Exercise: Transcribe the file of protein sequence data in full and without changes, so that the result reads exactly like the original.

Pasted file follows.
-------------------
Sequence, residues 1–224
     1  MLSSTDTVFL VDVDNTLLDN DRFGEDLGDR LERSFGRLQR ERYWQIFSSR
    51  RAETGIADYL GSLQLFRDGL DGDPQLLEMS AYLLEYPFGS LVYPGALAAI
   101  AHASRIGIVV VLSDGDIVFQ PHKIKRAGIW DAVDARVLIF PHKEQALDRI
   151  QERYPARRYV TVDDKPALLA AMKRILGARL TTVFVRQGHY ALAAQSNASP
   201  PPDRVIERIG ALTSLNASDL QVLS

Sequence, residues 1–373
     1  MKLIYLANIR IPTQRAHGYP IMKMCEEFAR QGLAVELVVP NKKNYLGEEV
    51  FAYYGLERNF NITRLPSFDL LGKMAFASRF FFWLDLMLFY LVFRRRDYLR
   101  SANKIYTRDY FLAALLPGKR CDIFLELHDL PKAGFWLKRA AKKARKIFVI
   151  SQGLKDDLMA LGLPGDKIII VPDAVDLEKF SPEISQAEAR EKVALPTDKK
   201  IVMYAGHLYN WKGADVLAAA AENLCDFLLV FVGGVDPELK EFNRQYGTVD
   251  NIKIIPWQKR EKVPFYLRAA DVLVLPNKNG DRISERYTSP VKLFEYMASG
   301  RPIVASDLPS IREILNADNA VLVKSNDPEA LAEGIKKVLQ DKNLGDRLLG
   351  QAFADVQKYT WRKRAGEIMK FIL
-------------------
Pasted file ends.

Sequence, residues 1–224
     1  MLSSTDTVFL VDVDNTLLDN DRFGEDLGDR LERSFGRLQR ERYWQIFSSR
    51  RAETGIADYL GSLQLFRDGL DGDPQLLEMS AYLLEYPFGS LVYPGALAAI
   101  AHASRIGIVV VLSDGDIVFQ PHKIKRAGIW DAVDARVLIF PHKEQALDRI
   151  QERYPARRYV TVDDKPALLA AMKRILGARL TTVFVRQGHY ALAAQSNASP
   201  PPDRVIERIG ALTSLNASDL QVLS

Sequence, residues 1–373
     1  MKLIYLANIR IPTQRAHGYP IMKMCEEFAR QGLAVELVVP NKKNYLGEEV
    51  FAYYGLERNF NITRLPSFDL LGKMAFASRF FFWLDLMLFY LVFRRRDYLR
   101  SANKIYTRDY FLAALLPGKR CDIFLELHDL PKAGFWLKRA AKKARKIFVI
   151  SQGLKDDLMA LGLPGDKIII VPDAVDLEKF SPEISQAEAR EKVALPTDKK
   201  IVMYAGHLYN WKGADVLAAA AENLCDFLLV FVGGVDPELK EFNRQYGTVD
   251  NIKIIPWQKR EKVPFYLRAA DVLVLPNKNG DRISERYTSP VKLFEYMASG
   301  RPIVASDLPS IREILNADNA VLVKSNDPEA LAEGIKKVLQ DKNLGDRLLG
   351  QAFADVQKYT WRKRAGEIMK FIL